Native communities argue that Native peoples cannot be alienated from their land without committing cultural genocide. This argument underpins many sacred sites cases, although usually to no avail, before the courts. Most of the court rulings on sacred sites do not recognize this difference between belief-centered and practice-centered traditions or the significance of land-based spiritualities. For instance, in Fools Crow v. Gullet (1983), the Supreme Court ruled against the Lakota who were trying to halt the development of additional tourist facilities in the Black Hills. The Court ruled that this tourism was not an infringement on Indian religious freedom because, although it would hinder the ability of the Lakota to practice their beliefs, it did not force them to relinquish their beliefs. For the Lakota, however, stopping the practice of traditional beliefs destroys the belief systems themselves. Consequently, for the Lakota and Native nations in general, cultural genocide is the result when Native landbases are not protected.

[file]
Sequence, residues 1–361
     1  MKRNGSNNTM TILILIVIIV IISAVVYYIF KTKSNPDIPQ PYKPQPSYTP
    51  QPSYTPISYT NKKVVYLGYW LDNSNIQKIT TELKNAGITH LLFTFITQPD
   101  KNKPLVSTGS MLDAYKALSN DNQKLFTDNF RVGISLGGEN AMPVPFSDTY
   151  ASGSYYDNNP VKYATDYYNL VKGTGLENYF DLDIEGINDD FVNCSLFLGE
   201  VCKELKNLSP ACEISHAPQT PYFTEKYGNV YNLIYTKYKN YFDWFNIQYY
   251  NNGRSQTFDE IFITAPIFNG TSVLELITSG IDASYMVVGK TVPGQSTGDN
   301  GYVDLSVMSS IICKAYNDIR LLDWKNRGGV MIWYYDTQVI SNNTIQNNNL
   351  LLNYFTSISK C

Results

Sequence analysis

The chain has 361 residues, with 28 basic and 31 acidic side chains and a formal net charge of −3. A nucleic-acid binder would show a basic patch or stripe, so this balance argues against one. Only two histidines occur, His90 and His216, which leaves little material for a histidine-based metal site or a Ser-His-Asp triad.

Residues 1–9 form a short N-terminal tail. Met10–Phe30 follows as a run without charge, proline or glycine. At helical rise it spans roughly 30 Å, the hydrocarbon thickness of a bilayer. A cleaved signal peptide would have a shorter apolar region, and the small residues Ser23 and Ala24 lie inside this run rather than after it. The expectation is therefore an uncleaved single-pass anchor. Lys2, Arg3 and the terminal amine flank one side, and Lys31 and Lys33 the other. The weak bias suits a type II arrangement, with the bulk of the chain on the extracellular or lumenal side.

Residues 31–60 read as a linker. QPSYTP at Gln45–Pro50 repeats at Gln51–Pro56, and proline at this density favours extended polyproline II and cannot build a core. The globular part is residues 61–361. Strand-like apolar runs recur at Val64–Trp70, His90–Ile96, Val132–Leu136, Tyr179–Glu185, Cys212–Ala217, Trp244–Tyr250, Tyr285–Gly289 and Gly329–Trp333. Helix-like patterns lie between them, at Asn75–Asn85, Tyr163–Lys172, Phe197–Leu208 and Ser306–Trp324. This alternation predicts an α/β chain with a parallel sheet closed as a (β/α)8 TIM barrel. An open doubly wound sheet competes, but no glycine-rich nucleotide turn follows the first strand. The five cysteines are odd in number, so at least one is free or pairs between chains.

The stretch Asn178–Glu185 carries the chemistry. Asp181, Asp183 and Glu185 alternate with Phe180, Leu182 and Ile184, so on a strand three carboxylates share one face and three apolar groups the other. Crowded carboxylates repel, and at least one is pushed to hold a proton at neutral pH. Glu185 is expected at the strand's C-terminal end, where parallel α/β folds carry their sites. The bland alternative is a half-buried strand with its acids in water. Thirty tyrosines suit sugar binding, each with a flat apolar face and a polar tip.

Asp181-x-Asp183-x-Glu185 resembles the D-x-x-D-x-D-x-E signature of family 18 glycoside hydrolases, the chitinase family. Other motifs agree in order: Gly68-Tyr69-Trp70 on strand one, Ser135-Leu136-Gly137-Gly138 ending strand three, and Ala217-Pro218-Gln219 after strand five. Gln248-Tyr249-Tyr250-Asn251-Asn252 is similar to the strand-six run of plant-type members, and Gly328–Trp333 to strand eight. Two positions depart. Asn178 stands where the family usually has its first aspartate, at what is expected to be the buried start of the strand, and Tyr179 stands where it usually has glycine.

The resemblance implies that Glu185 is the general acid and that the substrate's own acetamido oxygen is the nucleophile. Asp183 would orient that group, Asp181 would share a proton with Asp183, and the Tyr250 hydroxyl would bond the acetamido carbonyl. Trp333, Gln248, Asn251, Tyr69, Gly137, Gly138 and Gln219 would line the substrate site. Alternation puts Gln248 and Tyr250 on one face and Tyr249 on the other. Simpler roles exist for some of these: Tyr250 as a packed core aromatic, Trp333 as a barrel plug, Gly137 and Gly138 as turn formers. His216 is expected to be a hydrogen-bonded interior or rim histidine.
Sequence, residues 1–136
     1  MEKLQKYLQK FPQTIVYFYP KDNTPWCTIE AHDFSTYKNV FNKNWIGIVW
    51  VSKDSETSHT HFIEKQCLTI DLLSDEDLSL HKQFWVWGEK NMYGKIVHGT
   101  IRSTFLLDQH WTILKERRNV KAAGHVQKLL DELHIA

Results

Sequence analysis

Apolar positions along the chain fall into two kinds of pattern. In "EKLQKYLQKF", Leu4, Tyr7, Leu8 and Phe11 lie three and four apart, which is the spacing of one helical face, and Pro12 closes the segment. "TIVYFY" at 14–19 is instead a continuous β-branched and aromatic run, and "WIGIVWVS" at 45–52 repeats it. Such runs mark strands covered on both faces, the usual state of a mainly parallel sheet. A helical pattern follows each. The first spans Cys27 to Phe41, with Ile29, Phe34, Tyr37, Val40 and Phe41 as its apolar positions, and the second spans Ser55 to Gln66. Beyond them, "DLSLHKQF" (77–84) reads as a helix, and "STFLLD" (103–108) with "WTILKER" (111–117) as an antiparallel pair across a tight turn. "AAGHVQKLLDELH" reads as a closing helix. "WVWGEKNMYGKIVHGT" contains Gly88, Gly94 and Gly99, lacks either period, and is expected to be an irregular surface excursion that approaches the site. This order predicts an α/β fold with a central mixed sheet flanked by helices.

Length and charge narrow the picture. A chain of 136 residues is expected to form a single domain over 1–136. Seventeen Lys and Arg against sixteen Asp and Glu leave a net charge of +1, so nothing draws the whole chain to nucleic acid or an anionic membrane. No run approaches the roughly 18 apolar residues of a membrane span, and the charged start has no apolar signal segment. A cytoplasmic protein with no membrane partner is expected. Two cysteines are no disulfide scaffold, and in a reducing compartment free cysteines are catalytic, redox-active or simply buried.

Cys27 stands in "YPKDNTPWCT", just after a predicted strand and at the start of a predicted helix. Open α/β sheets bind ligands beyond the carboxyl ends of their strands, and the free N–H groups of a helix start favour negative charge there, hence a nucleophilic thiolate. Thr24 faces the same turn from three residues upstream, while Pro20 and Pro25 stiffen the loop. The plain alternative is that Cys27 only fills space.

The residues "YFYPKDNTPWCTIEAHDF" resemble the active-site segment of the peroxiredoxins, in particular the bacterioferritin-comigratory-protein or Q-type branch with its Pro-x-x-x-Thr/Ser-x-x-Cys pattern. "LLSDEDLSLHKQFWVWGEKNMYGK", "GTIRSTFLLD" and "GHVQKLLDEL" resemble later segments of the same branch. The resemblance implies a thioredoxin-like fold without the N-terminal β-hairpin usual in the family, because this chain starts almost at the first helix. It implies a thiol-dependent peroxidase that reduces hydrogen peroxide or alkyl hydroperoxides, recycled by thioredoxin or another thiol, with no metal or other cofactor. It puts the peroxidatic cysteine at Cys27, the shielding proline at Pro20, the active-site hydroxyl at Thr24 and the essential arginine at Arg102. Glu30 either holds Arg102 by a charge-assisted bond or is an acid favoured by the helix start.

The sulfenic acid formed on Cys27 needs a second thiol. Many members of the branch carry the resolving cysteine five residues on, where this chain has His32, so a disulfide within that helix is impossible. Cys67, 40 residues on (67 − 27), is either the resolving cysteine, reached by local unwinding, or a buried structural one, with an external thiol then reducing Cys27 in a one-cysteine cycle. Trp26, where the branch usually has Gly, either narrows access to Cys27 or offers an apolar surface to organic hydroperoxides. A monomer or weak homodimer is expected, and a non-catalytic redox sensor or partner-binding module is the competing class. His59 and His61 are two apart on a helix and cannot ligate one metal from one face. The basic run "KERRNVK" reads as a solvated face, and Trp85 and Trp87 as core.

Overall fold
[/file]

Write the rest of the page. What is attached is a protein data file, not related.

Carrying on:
There are only 3 days left to raise funds. Donations as low as $1 are being accepted. Please give as generously as you can and spread this information as widely as possible.

Fund for Troy Davis’ Family

Troy Davis (seated) surrounded by family members

On September 21, 2011, Troy Davis was killed by the state of Georgia for the murder of a white police officer, despite incredible doubts about his guilt and many years of strong efforts to save his life. Hopefully you’re familiar with his story; I was writing about it years ago, and many others never stopped. To call his execution a travesty of justice doesn’t quite cover it.